In the first sessions of the Synod of Dordt in November 1618, before the delegates of the Synod even addressed the divisive Arminian controversy, they joined together to commission a new Bible. Published nineteen years later in 1637 after a laborious translation process, the Statenvertaling (States' Translation) was the realization of the initial work of the Synod of Dordt.
But the wait for a complete Dutch Bible that drew from the original languages of Scripture had been much longer than the nineteen years between Dordt and 1637. Since the Reformation, and even the Middle Ages, the residents of the Low Countries had read the Bible, but inquisition and persecution, a revolt from Spain and controversy with the Remonstrant (Arminian) faction in the national church, delayed the translation and publication of a complete Dutch Bible translated from the ancient languages.
Medieval Bible Reading in the Low Countries
The Statenvertaling is considered one of the best translations of the Reformation era and remained the preeminent Dutch Bible well into the twentieth century. New Dutch Bibles (published in 2004 and 2010) have recently replaced the Statenvertaling as the primary Dutch Bibles in use. Even these translations, written centuries later, use the seventeenth century Statenvertaling as their starting point—attesting to the lasting quality and continuing influence of the work of the Synod of Dordt and the translators.
Before the Statenvertaling and the Reformation, the Low Countries had a tradition of lay readership in the Middle Ages. The Devotio Moderna movement of popular religious enthusiasm in the fourteenth century argued that reading the Gospels was necessary for learning to live like Jesus Christ and the Apostles. Beguines, Beghards, and other pious lay groups inspired by the movement often had parts of the Bible translated into vernacular. Rather than lay readership being scandalous to the institutional church, in the Middle Ages it was sometimes encouraged by clergy within the church. Monks both translated and copied works as an act of spiritual meditation or for a rich patron. Some clergy even recommended that their parishioners read the Bible on their own time.
Protestant Bibles and the Challenge of the Reformation
The Roman Catholic Church did have an official Bible translation—the Latin Vulgate, first translated by the Church father Jerome in 405 CE—which it upheld as the exclusive Latin authority for the Bible. In the fifteenth and sixteenth century, with the rise of interest in texts from antiquity, scholars called humanists began translating the text of the Bible from the original Hebrew and Greek. A Dutchman, the famous Erasmus of Rotterdam, was deeply influential in this movement, notably for his translation of the New Testament from Greek into Latin. While vernacular Bibles and other aids to piety for lay people—like block prints of biblical stories, parts of the gospels, and books of hours—had been circulating for centuries, the Reformation Bible provided a new challenge. It was scrupulous, trying to cling tight to the original languages and meaning—which Luther argued was the only infallible guide for religious belief and practice—and even pointing out grammatical and linguistic errors in Jerome’s translation.
As the Reformation progressed and Protestant groups split, more Bible translations appeared. Luther and his colleagues in Wittenberg produced a complete Bible in German in 1534. By 1611 the national church in England had the King James Bible. Sometimes the Bibles were commissioned and written to be the first complete vernacular Bible from the original languages and other times to counteract the influence of the biblical translations of other groups. For instance, the King James Bible was meant to counteract the popularity of the Geneva Bible (influenced by Calvin) in England.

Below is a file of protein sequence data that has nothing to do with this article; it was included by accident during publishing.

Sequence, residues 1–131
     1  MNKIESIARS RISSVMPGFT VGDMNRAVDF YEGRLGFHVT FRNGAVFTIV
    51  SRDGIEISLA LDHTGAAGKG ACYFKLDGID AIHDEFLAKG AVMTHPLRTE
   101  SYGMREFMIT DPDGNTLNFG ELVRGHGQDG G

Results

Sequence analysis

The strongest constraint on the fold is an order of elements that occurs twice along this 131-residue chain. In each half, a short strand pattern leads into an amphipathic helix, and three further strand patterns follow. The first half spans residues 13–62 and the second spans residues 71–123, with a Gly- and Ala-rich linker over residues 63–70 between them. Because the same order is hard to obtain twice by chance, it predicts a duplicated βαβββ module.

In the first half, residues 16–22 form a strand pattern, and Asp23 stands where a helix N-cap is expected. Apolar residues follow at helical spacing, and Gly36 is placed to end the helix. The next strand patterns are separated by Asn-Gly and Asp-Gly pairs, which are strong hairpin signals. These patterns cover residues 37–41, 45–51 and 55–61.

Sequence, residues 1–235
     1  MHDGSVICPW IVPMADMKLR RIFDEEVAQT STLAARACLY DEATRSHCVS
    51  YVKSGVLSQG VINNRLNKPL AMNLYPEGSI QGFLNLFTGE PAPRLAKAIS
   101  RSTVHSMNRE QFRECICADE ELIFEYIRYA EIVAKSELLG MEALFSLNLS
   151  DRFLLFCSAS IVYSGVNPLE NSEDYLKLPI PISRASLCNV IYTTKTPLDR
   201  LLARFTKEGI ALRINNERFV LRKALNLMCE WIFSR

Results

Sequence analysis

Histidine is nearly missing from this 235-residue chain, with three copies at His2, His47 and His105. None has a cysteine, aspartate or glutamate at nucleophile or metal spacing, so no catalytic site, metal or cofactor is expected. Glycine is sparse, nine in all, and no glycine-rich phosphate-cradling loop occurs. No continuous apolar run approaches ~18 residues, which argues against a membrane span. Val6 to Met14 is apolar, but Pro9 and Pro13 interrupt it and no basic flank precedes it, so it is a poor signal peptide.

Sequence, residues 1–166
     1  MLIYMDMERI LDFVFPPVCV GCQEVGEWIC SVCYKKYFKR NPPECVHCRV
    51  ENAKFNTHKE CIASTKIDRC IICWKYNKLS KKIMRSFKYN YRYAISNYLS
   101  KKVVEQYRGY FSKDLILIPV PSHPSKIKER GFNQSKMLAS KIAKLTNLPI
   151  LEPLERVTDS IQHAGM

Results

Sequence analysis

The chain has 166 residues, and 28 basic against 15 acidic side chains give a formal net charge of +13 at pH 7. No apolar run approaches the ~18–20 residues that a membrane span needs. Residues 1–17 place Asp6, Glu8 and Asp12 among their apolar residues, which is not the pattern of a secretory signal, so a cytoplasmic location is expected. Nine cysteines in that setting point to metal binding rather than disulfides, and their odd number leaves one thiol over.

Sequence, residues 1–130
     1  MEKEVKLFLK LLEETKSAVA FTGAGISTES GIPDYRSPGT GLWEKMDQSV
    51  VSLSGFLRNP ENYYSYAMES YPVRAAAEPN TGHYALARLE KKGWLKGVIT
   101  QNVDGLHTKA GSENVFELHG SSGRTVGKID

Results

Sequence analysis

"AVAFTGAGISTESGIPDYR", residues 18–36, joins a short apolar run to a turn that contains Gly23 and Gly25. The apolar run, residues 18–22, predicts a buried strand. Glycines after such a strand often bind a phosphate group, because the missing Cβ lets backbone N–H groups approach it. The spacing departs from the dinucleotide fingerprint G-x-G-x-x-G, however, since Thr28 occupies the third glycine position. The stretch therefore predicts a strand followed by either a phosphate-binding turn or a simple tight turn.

Conflict and Commissioning
Following the Reformation, the Dutch provinces were an unstable place for Protestant belief and therefore, Protestant Bible translation. The Dutch Inquisition, established by Charles V of Spain in 1521, published an index of prohibited books. Although the index was inconsistently enforced, Jacob van Liesveldt, who wrote a complete Dutch Bible translation working from Luther’s text, was put to death in 1545 on the charge of heresy. Perhaps because of this context, Dutch translations were mostly fragmentary or secondary translations, working from the Latin Vulgate, the German Luther Bible, and even Erasmus’ New Testament.
The Reformed churches of the Netherlands began to form around 1544, but because of the persecution experienced by Protestants and war with Spain, the churches met in exile at the 1571 Synod of Emden. The standard Bible translation within the Reformed community at that time was the Deux Aes Bible that combined a number of secondary translations. At the Synod, a group of refugees from Cologne explicitly stated the need for a new Dutch translation, an appeal that was later repeated at the 1586 synod in The Hague. The trying political situation in the Netherlands prevented further synods from meeting and hampered the translation of a new Bible. Finally, after the declaration of the Twelve Years Truce between the Netherlands and Spain and a coup by Maurice of Nassau that turned the political tide towards the Counter-Remonstrants (Orthodox Calvinists) within the Reformed Church, the States General called a national synod together. The Synod of Dordt met between November 1618 and May 1619. The first issue on the agenda at the Synod was the translation of a new Bible. Johannes Bogerman, the president of the Synod and an expert in biblical languages, brought up the King James Bible as well as Spanish and Italian translations that worked from the original languages, pointing out the framework the Dutch Bible should follow. The delegates unanimously voted to commission the new Bible.